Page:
One of his surprising experiences was as member of a board examining in such manner an individual of many year's experience in a certain line of technical activity; a gentleman well known in the field, and conversant with every detail of its practice. But a half hour of harrying of this nature brought out the fact that the gentleman's brain was simply a cold storage bin of large capacity. In all his many years of experience, he had not acquired a single original principle. He knew how everything was done, but possessed not a single real why. He had observed facts not told him by others, but had neither tried to explain them or investigate them. He was an able operative but constitutionally incapable of finding out anything new all by himself. The writer, at that time relatively new to research, was surprised to learn from his colleagues that such was the rule rather than the exception. There were many such industrious and retentive minds in research; but all they did was under direction from somebody else, and no new knowledge arose from it until their facts thus derived under guidance were put together by some thinker above them in the research hierarchy. This thinker then got the credit for the new theory or discovery, and the poor hardworking fellow was usually apt to give out with the grievance that after he had done all the hard work, somebody else got the credit...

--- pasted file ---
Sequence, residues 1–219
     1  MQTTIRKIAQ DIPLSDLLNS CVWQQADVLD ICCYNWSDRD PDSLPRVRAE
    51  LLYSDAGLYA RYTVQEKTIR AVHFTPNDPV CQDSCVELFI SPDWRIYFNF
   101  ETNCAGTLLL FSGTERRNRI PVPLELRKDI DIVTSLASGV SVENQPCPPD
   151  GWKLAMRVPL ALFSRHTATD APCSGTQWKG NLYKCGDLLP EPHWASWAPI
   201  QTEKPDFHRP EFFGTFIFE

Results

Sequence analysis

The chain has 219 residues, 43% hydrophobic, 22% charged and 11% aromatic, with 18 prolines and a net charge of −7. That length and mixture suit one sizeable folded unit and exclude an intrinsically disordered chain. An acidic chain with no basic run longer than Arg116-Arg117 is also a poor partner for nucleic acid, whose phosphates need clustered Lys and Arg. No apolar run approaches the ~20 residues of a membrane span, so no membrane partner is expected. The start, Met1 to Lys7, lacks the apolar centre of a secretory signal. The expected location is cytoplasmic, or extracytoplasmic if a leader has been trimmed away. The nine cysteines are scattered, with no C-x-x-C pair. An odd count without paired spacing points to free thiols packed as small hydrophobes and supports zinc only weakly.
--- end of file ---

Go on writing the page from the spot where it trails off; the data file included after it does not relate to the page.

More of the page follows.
All of this goes to show, again, the manner in which the exoteric imitates the esoteric. The object of the Professors was to develop the power of independent thought in the candidate. This is the sine qua non for the candidate for occult chelaship also; but the mistakes are vaster, the depths of the knowledge to be reached infinitely greater, and the ordeal correspondingly more severe.
In the examination for entry into studies for a university doctorate, the candidate underwent upsetting and uncomfortable experiences in the process of enlightenment. But the upsets that the chela-aspirant must undergo may well cost him his life or sanity. It is an absolute necessity that he be tried to the limiting range of his temptations and to the ultimate of his endurance; in no other way may even a Mahatma know his nature well enough to trust him with the tasks of the "Guardian Wall."